In addition to dedicated women’s health clinics, major hospitals in Singapore also have obstetrics and gynecology departments. Hospitals like Gleneagles, Mount Elizabeth, and Raffles Hospital enable international residents to access reproductive health services as private patients.

For Singaporean citizens and permanent residents, government polyclinics provide subsidized reproductive care, including pap smears, breast examinations, and contraception prescriptions. Public hospitals like KK Women’s and Children’s Hospital (KKH) and National University Hospital (NUH) also have women’s clinics for specialized reproductive services such as prenatal screening, menstrual disorder treatment, and more.

An advantage for citizens is that MediSave and MediShield Life can offset costs for procedures like STI tests, mammograms, and maternity care. However, expatriate women typically need to pay out-of-pocket or utilize private insurance when accessing women’s health services in Singapore.

What contraception methods are available in Singapore?

In Singapore, women have various contraceptive options available, although most require a prescription from a healthcare professional. Condoms are the only over-the-counter option easily purchased at pharmacies, convenience stores, and supermarkets.

Meanwhile, other barrier methods, such as diaphragms and cervical caps, along with hormonal contraceptives, including birth control pills, injections, implants, and intrauterine devices (IUDs), require a doctor’s prescription.

Gynecologist uses a model of the uterus to explain a specific type of contraception to her patient
Photo: Amanda Caroline da Silva/Getty Images

Typically, the initial consultation involves thoroughly discussing your medical history and personal preferences for birth control. First-time users of hormonal contraceptives may go through a more comprehensive evaluation before being prescribed anything. The doctor will then recommend a suitable contraceptive method based on the patient’s age, health status, and needs.

For people seeking permanent long-term solutions, sterilization procedures like tubal ligation – or a vasectomy for their male partner – are options, though these require invasive surgery.

Emergency contraception, such as the morning-after pill, is accessible but only on prescription. Those in need must promptly schedule a doctor’s visit, as the first 72 hours after unprotected sex is critical for the effectiveness of these pills.

Singapore’s abortion laws and services

In Singapore, abortion is legal up to 24 weeks of pregnancy, provided certain residency requirements are met. A doctor can only perform a termination after 24 weeks if the mother’s life is in danger or there is a severe fetal abnormality. Otherwise, late-term abortions past 24 weeks are prohibited by law.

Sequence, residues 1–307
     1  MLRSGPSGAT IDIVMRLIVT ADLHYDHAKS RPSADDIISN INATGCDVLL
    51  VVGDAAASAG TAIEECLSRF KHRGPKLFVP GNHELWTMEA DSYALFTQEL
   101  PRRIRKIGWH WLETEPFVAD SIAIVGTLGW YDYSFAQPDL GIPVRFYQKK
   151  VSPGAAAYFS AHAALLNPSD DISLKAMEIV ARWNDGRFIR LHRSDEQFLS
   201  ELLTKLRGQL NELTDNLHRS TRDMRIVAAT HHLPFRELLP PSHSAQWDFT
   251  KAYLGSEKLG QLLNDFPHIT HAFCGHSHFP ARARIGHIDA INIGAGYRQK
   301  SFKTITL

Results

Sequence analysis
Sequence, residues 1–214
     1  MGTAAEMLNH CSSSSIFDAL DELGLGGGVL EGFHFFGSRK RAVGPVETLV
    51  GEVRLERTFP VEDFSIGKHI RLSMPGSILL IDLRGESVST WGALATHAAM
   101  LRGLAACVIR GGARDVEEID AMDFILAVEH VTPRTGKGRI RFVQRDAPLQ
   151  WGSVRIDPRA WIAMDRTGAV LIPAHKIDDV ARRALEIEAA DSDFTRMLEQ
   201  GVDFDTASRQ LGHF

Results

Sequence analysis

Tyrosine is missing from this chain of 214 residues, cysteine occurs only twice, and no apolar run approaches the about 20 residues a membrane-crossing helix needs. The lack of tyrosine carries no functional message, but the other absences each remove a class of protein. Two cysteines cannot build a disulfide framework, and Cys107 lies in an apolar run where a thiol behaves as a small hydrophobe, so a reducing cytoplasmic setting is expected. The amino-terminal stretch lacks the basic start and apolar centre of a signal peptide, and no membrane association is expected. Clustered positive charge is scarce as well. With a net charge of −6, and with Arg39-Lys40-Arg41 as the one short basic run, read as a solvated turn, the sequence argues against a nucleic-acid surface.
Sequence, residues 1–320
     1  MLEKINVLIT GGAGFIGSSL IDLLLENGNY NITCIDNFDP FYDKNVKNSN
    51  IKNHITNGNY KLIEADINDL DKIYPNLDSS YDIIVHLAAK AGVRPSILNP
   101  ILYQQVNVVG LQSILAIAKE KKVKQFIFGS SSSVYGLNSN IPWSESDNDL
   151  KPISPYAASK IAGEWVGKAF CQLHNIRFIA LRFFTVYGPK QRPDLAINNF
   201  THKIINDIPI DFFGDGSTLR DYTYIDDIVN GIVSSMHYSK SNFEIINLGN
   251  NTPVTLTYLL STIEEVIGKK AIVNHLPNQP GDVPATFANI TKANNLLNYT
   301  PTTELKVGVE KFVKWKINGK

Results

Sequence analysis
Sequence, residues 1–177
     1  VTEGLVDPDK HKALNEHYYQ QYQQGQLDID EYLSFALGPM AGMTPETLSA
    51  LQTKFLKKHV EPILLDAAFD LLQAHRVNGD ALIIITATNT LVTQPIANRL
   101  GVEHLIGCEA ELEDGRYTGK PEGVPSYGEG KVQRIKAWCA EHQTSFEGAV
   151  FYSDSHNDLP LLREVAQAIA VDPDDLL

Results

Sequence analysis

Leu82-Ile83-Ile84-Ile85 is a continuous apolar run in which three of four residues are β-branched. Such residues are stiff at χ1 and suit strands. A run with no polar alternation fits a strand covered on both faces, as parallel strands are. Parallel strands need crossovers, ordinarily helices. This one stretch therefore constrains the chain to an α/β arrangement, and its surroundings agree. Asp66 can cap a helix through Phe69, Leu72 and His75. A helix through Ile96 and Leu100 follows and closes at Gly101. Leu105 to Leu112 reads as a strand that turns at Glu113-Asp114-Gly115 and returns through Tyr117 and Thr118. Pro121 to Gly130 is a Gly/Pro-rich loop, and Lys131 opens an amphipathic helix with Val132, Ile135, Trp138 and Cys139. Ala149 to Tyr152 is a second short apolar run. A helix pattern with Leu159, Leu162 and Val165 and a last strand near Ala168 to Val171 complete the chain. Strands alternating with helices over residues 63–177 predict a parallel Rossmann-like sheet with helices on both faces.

Expat women must meet certain requirements before they can obtain an abortion:

  • Resided in Singapore for at least four months prior
  • Be married to a Singaporean citizen or permanent resident
  • Hold certain work passes

Without meeting these criteria, undergoing an abortion can result in financial penalties or even imprisonment for both the woman and the doctor involved.

For more step-by-step information about accessing an abortion in Singapore, contact AWARE, the Association of Women for Action and Research, on their helpline at 1800-777-5555.

For those who qualify, abortions are performed at licensed clinics and hospitals throughout the country. Both surgical abortions and medication-induced terminations are available. Costs range from S$800 to S$5,000, depending on the facility.

Despite being widely accepted in society, individual doctors can still refuse to perform abortions based on personal beliefs or religion. However, confidentiality around the procedure is protected by law, but the Ministry of Health keeps official records of all abortions carried out.

After the initial doctor’s consultation, mandatory counseling and a 48-hour waiting period are required before a doctor can perform the procedure. An exception exists for minors under 16 seeking an abortion due to rape, who can bypass counseling.

Fertility treatments in Singapore

In vitro fertilization (IVF) and intrauterine insemination (IUI) are available in Singapore at both public hospitals and private fertility clinics. International residents can access treatments at public hospitals but will have to pay out-of-pocket or use private insurance without the substantial subsidies available to citizens.

Close up of a women getting an hormone stimulating injection by her partner to prepare for IVF
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Public hospital subsidies are only for citizens and permanent residents under 40, likely aimed at addressing declining birth rates. In 2022, Singapore had a total fertility rate of just 1.04 births per female resident and a median first-time mother age of 31.4.

The government subsidizes up to:

  • 75% for couples of two citizens
  • 55% for a citizen/permanent resident couple
  • 35% for a citizen/foreign couple